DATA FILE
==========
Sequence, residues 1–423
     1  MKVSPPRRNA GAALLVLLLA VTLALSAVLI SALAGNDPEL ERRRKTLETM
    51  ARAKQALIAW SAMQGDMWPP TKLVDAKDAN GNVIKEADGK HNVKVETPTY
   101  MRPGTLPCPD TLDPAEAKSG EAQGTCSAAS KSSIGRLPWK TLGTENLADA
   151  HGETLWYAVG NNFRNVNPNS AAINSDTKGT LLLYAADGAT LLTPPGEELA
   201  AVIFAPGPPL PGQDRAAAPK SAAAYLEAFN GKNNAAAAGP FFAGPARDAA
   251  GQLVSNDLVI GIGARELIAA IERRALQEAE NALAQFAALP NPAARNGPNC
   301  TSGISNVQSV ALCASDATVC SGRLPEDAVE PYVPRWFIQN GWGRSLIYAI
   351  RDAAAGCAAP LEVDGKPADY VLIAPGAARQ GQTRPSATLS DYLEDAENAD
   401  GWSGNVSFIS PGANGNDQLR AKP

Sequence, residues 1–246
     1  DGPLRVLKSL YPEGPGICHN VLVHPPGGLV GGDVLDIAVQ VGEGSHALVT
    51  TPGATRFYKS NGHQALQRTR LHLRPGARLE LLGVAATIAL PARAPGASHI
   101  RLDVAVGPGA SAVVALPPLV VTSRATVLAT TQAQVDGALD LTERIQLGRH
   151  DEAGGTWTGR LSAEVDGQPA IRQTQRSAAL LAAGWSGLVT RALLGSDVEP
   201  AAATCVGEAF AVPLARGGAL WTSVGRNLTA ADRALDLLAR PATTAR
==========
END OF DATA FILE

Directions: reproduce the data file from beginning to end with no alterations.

Sequence, residues 1–423
     1  MKVSPPRRNA GAALLVLLLA VTLALSAVLI SALAGNDPEL ERRRKTLETM
    51  ARAKQALIAW SAMQGDMWPP TKLVDAKDAN GNVIKEADGK HNVKVETPTY
   101  MRPGTLPCPD TLDPAEAKSG EAQGTCSAAS KSSIGRLPWK TLGTENLADA
   151  HGETLWYAVG NNFRNVNPNS AAINSDTKGT LLLYAADGAT LLTPPGEELA
   201  AVIFAPGPPL PGQDRAAAPK SAAAYLEAFN GKNNAAAAGP FFAGPARDAA
   251  GQLVSNDLVI GIGARELIAA IERRALQEAE NALAQFAALP NPAARNGPNC
   301  TSGISNVQSV ALCASDATVC SGRLPEDAVE PYVPRWFIQN GWGRSLIYAI
   351  RDAAAGCAAP LEVDGKPADY VLIAPGAARQ GQTRPSATLS DYLEDAENAD
   401  GWSGNVSFIS PGANGNDQLR AKP

Sequence, residues 1–246
     1  DGPLRVLKSL YPEGPGICHN VLVHPPGGLV GGDVLDIAVQ VGEGSHALVT
    51  TPGATRFYKS NGHQALQRTR LHLRPGARLE LLGVAATIAL PARAPGASHI
   101  RLDVAVGPGA SAVVALPPLV VTSRATVLAT TQAQVDGALD LTERIQLGRH
   151  DEAGGTWTGR LSAEVDGQPA IRQTQRSAAL LAAGWSGLVT RALLGSDVEP
   201  AAATCVGEAF AVPLARGGAL WTSVGRNLTA ADRALDLLAR PATTAR